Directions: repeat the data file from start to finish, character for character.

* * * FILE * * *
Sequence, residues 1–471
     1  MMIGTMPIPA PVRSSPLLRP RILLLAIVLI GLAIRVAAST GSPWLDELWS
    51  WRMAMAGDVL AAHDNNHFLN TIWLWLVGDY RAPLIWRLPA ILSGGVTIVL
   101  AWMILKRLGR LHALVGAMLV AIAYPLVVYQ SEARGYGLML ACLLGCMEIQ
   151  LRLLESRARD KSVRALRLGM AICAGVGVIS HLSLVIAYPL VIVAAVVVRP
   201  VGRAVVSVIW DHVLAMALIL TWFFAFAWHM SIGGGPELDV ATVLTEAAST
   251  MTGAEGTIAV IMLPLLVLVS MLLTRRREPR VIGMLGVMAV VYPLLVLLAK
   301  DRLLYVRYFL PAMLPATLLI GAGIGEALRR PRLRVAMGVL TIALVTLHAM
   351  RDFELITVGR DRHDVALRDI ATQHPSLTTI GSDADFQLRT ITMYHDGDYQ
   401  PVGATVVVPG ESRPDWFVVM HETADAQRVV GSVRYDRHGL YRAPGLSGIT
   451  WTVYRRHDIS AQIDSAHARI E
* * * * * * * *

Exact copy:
Sequence, residues 1–471
     1  MMIGTMPIPA PVRSSPLLRP RILLLAIVLI GLAIRVAAST GSPWLDELWS
    51  WRMAMAGDVL AAHDNNHFLN TIWLWLVGDY RAPLIWRLPA ILSGGVTIVL
   101  AWMILKRLGR LHALVGAMLV AIAYPLVVYQ SEARGYGLML ACLLGCMEIQ
   151  LRLLESRARD KSVRALRLGM AICAGVGVIS HLSLVIAYPL VIVAAVVVRP
   201  VGRAVVSVIW DHVLAMALIL TWFFAFAWHM SIGGGPELDV ATVLTEAAST
   251  MTGAEGTIAV IMLPLLVLVS MLLTRRREPR VIGMLGVMAV VYPLLVLLAK
   301  DRLLYVRYFL PAMLPATLLI GAGIGEALRR PRLRVAMGVL TIALVTLHAM
   351  RDFELITVGR DRHDVALRDI ATQHPSLTTI GSDADFQLRT ITMYHDGDYQ
   401  PVGATVVVPG ESRPDWFVVM HETADAQRVV GSVRYDRHGL YRAPGLSGIT
   451  WTVYRRHDIS AQIDSAHARI E